Q: My daughter is 17. Ever since she first got her period, she’s had horrendous pain. Could she have endometriosis?
A: Yes, she could. Although endometriosis is usually diagnosed between the ages of 25 and 30, data from the Endometriosis Association show that 66 percent of adult women reported the onset of pelvic symptoms before 20 years of age, and 40 percent of those women have been to the doctor more than five times a before receiving the correct diagnosis of endometriosis.
When is it time to visit the doctor?A diagnosis of endometriosis in your daughter’s case may be warranted if she feels that her cramps and pelvic pain are becoming progressively worse, and if the pain comes at times other than when she has her period (which is called acyclic). Because severe pain among young girls can interfere with school, sports and psychosocial development, it is especially important that an appropriate diagnosis be made in a timely fashion — not after she’s seen more than five doctors!
What is endometriosis?Endometriosis is where tissue similar to the uterus’ lining is found elsewhere in the body. This may occur in the pelvic cavity, including on the ovaries, the fallopian tubes, the pelvic sidewall, in C-section scars, on the bladder or other areas. The most common symptom is pelvic pain that correlates with the menstrual cycle. This occurs when the endometriotic tissue, reacting to the hormones released in the menstrual cycle in the same way as the lining of the uterus, bleeds and/or irritates adjacent organs.
How do you diagnosis endometriosis? And what are the treatments?When I see a young patient who complains of pelvic pain, my diagnostic preference is to perform a pelvic exam to rule out ovarian cysts or masses. However, if the young woman is not yet sexually active and feels uncomfortable with this, I order an ultrasound (done with an abdominal transducer) or even an MRI. Unfortunately, small implants of endometriotic tissue, may not necessarily be “seen” in ultrasound.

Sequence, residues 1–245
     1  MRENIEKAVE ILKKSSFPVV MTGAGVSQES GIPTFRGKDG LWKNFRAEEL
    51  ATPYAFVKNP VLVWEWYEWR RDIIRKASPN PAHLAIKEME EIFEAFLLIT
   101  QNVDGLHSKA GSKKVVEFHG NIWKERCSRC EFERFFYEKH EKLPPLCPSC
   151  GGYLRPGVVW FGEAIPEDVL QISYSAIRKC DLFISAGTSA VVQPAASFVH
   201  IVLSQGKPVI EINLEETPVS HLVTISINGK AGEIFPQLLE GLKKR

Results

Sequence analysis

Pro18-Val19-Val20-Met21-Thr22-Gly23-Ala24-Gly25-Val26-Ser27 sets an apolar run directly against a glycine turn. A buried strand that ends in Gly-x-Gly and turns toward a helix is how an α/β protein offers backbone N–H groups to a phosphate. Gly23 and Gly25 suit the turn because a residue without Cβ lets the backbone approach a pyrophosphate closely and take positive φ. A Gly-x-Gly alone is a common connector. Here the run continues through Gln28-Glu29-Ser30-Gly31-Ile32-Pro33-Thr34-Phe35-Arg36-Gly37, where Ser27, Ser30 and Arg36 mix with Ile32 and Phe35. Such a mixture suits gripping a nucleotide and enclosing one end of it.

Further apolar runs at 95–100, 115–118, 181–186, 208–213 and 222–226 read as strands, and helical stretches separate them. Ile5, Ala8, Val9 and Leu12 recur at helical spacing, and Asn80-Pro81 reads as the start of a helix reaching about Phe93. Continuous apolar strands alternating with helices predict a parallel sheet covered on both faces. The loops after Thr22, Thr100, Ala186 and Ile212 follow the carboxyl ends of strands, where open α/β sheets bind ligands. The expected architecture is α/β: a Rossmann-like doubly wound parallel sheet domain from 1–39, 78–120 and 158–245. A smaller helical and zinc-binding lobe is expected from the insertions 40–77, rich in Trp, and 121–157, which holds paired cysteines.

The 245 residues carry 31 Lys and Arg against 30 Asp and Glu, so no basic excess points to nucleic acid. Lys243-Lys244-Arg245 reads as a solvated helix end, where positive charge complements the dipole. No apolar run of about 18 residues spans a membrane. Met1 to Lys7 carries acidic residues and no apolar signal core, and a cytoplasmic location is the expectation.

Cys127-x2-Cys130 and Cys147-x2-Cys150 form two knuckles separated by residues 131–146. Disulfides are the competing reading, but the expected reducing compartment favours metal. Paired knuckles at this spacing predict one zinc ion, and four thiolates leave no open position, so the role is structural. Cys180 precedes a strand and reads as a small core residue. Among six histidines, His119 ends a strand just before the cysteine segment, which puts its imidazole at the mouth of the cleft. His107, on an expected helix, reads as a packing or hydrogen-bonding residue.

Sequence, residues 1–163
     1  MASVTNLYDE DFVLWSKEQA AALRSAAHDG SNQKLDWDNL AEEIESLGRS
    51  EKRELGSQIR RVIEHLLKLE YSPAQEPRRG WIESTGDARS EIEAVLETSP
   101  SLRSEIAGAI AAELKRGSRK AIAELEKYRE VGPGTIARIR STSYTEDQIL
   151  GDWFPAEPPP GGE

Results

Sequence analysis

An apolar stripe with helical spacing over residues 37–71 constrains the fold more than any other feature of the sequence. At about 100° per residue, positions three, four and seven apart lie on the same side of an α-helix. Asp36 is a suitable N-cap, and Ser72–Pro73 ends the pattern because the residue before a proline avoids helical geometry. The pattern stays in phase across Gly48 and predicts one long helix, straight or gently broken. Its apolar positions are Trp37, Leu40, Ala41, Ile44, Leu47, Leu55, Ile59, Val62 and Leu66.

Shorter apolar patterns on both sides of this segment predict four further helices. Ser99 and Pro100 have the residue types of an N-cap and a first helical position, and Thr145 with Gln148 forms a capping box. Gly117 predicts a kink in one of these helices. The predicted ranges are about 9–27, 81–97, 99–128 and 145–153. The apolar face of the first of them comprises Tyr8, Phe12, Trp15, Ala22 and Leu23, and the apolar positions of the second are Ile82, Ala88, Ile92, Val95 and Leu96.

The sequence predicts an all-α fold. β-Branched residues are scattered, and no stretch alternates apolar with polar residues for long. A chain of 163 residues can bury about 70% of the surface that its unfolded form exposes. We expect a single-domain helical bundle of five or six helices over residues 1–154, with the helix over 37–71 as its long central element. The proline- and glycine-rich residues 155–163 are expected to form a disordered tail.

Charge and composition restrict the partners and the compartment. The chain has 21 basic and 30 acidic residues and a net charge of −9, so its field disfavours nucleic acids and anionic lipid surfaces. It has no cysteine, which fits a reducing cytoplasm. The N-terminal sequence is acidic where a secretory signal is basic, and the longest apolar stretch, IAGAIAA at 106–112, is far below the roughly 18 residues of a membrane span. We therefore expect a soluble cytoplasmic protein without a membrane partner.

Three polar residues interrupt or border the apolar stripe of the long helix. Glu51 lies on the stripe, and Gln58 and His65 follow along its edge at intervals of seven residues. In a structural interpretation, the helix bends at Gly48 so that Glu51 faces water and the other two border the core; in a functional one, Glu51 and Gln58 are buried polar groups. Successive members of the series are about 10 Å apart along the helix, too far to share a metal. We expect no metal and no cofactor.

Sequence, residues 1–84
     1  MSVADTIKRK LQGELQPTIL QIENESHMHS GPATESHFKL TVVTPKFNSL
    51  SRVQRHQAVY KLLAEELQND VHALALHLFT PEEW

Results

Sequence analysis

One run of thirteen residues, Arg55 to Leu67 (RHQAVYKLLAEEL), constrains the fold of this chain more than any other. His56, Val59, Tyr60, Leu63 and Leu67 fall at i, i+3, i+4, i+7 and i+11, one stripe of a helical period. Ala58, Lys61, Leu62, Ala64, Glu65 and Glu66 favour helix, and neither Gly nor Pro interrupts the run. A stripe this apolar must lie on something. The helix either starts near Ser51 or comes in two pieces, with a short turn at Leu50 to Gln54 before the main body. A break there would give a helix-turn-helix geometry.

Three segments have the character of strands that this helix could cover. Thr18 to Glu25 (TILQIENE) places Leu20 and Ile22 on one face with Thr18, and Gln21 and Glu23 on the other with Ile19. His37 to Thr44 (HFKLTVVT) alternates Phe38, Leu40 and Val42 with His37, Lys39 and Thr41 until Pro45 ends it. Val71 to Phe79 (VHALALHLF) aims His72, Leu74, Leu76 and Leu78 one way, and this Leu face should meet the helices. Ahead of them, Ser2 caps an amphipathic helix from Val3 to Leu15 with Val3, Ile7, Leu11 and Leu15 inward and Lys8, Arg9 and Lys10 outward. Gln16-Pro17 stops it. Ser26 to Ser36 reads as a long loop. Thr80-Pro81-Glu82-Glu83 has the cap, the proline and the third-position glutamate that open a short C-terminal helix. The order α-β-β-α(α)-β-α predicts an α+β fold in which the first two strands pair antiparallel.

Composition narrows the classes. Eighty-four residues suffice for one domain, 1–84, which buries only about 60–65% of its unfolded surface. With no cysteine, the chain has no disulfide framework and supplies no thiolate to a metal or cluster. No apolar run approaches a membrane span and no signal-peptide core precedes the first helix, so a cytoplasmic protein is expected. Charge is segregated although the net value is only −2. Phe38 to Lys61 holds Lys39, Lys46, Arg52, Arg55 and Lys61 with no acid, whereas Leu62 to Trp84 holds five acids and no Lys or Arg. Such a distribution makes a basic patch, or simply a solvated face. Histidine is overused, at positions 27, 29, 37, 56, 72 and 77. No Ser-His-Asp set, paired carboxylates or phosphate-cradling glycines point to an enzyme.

My next approach would be to empirically try both birth control pills (to suppress ovulation) and non-steroidal anti-inflammatory drugs (NSAID’s) to try to control the pain. If these treatments are not successful, I might consider giving something called GnRH agonists to halt ovarian production of hormones and stop periods. (GnRH agonists are drugs that stop the production of estrogen.) If the pain subsides, I can make the diagnosis of endometriosis.
(It is important to note that this last therapy should be used with extreme caution for more than six months. Because the treatment stops estrogen production, it can also influence bone formation and lead to low bone density. To diminish this risk, doctors often use feedback therapy and prescribe low doses of progestin or a combination of estrogen and progestin. This doesn’t seem to block the efficacy of the therapy but does help to reduce hot flashes and other menopausal type symptoms.)
The last resortAs a last resort, especially in young patients who continue to have pain or who have problems tolerating these medical therapies, surgery to remove or destroy the abnormal tissue may be necessary. Usually, this can be done through a laparoscopic procedure. Since endometriosis is, unfortunately, an ongoing disorder, I would suggest, even after surgery, that the patient continue taking birth control pills to suppress ovulation and “discourage” new endometriotic cell formation. She should, of course, stop when she is ready to conceive. The patient may also need ongoing pain management support.
Dr. Reichman’s Bottom Line: If your daughter’s pain gets worse, make sure she sees a gynecologist to assess the possibility of endometriosis. She need not suffer; there are ways and means to help control the woes of this disease.
Dr. Judith Reichman, the “Today” show's medical contributor on women's health, has practiced obstetrics and gynecology for more than 20 years. You will find many answers to your questions in her latest book, "Slow Your Clock Down: The Complete Guide to a Healthy, Younger You," which is now available in paperback. It is published by William Morrow, a division of .
PLEASE NOTE: The information in this column should not be construed as providing specific medical advice, but rather to offer readers information to better understand their lives and health. It is not intended to provide an alternative to professional treatment or to replace the services of a physician.